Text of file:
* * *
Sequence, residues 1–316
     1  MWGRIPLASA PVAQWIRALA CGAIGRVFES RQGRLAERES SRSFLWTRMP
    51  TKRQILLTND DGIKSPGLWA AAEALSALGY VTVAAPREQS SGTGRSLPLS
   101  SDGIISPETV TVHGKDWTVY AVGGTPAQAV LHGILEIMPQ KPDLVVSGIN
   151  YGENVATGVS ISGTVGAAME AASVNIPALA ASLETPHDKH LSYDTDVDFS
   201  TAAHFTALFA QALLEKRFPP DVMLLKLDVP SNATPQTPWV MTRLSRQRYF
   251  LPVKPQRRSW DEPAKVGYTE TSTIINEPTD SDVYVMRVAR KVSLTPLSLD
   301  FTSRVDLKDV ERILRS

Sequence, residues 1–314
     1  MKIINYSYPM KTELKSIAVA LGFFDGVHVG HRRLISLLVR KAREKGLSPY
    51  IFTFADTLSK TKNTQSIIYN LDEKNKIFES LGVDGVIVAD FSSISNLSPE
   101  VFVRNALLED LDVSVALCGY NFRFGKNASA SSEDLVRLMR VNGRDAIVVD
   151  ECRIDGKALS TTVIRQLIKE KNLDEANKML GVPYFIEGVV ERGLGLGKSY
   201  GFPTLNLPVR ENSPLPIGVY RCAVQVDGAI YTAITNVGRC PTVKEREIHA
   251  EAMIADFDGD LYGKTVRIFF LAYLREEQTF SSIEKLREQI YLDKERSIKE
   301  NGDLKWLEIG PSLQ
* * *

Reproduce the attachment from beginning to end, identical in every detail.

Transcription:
Sequence, residues 1–316
     1  MWGRIPLASA PVAQWIRALA CGAIGRVFES RQGRLAERES SRSFLWTRMP
    51  TKRQILLTND DGIKSPGLWA AAEALSALGY VTVAAPREQS SGTGRSLPLS
   101  SDGIISPETV TVHGKDWTVY AVGGTPAQAV LHGILEIMPQ KPDLVVSGIN
   151  YGENVATGVS ISGTVGAAME AASVNIPALA ASLETPHDKH LSYDTDVDFS
   201  TAAHFTALFA QALLEKRFPP DVMLLKLDVP SNATPQTPWV MTRLSRQRYF
   251  LPVKPQRRSW DEPAKVGYTE TSTIINEPTD SDVYVMRVAR KVSLTPLSLD
   301  FTSRVDLKDV ERILRS

Sequence, residues 1–314
     1  MKIINYSYPM KTELKSIAVA LGFFDGVHVG HRRLISLLVR KAREKGLSPY
    51  IFTFADTLSK TKNTQSIIYN LDEKNKIFES LGVDGVIVAD FSSISNLSPE
   101  VFVRNALLED LDVSVALCGY NFRFGKNASA SSEDLVRLMR VNGRDAIVVD
   151  ECRIDGKALS TTVIRQLIKE KNLDEANKML GVPYFIEGVV ERGLGLGKSY
   201  GFPTLNLPVR ENSPLPIGVY RCAVQVDGAI YTAITNVGRC PTVKEREIHA
   251  EAMIADFDGD LYGKTVRIFF LAYLREEQTF SSIEKLREQI YLDKERSIKE
   301  NGDLKWLEIG PSLQ